Former coach calls Jannik Sinner the 'Chosen One' but slams Carlos Alcaraz's serve

Sinner recently won the Australian Open.
Giorgio Perottino/GettyImages

Tennis is in good hands. I should probably start there as it becomes important in just a bit. But both the ATP and WTA have a lot of good and very young players who are going to make the sport important for the next decade-plus. On the men's side, Jannik Sinner and Carlos Alcaraz are both 22 years older or younger., for instance, and will likely battle for Grand Slams for years to come.

Sinner appears to be the ascending player currently. Alcaraz has not won a title since being victorious at Wimbledon last July. Sinner has won four tournaments since then and that includes winning his first Grand Slam after he defeated Daniil Medvedev in the Australian Open final.

Neither player has any real fatal flaws. Both move around the court extraordinarily well and can hit balls with pace from anywhere to anywhere on the court. They both have very good touch as well, though Alcaraz's is otherworldly and may be among the best tennis has ever seen.

Jannik Sinner versus Carlos Alcaraz will be tennis' next great rivalry

But former Serena Williams coach Rick Macci has strong thoughts on both Carlos Alcaraz and Jannik Sinner. Of note is that Macci can be observationally critical of players, but with great knowledge of the game and normally with a positive bent. But Macci sees a real problem with Alcaraz's serve.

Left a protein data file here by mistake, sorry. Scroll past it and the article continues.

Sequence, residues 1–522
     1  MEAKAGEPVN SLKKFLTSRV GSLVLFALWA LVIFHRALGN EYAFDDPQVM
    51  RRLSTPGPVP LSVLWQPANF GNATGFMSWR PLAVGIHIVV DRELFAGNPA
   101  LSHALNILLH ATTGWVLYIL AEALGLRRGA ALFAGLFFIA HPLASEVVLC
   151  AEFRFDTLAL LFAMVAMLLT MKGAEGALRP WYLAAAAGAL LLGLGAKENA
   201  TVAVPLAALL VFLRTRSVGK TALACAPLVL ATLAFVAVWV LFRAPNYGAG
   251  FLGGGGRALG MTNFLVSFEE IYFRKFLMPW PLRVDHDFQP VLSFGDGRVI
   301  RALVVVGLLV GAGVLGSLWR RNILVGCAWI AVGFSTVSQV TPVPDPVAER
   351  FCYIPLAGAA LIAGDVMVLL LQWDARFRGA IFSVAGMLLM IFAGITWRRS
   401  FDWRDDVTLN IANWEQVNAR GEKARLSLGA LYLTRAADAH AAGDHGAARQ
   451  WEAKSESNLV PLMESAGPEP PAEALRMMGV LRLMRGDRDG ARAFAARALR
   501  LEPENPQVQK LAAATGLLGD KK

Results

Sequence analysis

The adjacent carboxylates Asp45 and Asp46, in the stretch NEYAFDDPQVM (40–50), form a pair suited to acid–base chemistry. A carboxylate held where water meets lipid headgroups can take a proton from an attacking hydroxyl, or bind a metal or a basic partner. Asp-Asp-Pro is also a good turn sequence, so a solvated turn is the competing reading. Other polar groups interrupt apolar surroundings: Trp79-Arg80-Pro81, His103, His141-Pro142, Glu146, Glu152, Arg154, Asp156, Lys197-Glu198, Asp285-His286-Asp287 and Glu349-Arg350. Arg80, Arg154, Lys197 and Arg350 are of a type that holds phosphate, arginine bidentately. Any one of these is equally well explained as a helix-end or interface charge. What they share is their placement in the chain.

On X (the artist formerly known as Twitter) this week, Macci posted, "Biomechanically (Alcaraz) checks most boxes. But the racquet leaks 25 percent too soon into the back. Shoulder set up is microscopically off creating less natural fluidity and not delivering the optimal head speed."

Is Alcaraz's serve fixable? Of course, and Macci knows that. But while 25 percent does not sound like that much, that number is actually very high in a sport with extremely small differences can be the reason a player wins 10 Grand Slams or two. If Alcaraz is not hitting his serve as well as he hopes that could be the reason Sinner ends up being the bigger winner of the two players long-term.

That is part of the key. Sinner and Alcaraz are going to be battling for tennis supremacy for at least a decade, barring injury or a lack of motivation. This is great for tennis fans, though. We are witnessing the end of careers such as Rafael Nadal and Novak Djokovic, but we are seeing the blooming of Sinner and Alcaraz. That is a good thing.

As far as Sinner, Macci called in the "Chosen One" in a separate post. Calling Sinner that might be a tad too early. Macci wrote, " he is the Chosen One but the number one quality I see inside and out of Italian flame thrower is number one." But Macci knows more than I do so he is likely correct.

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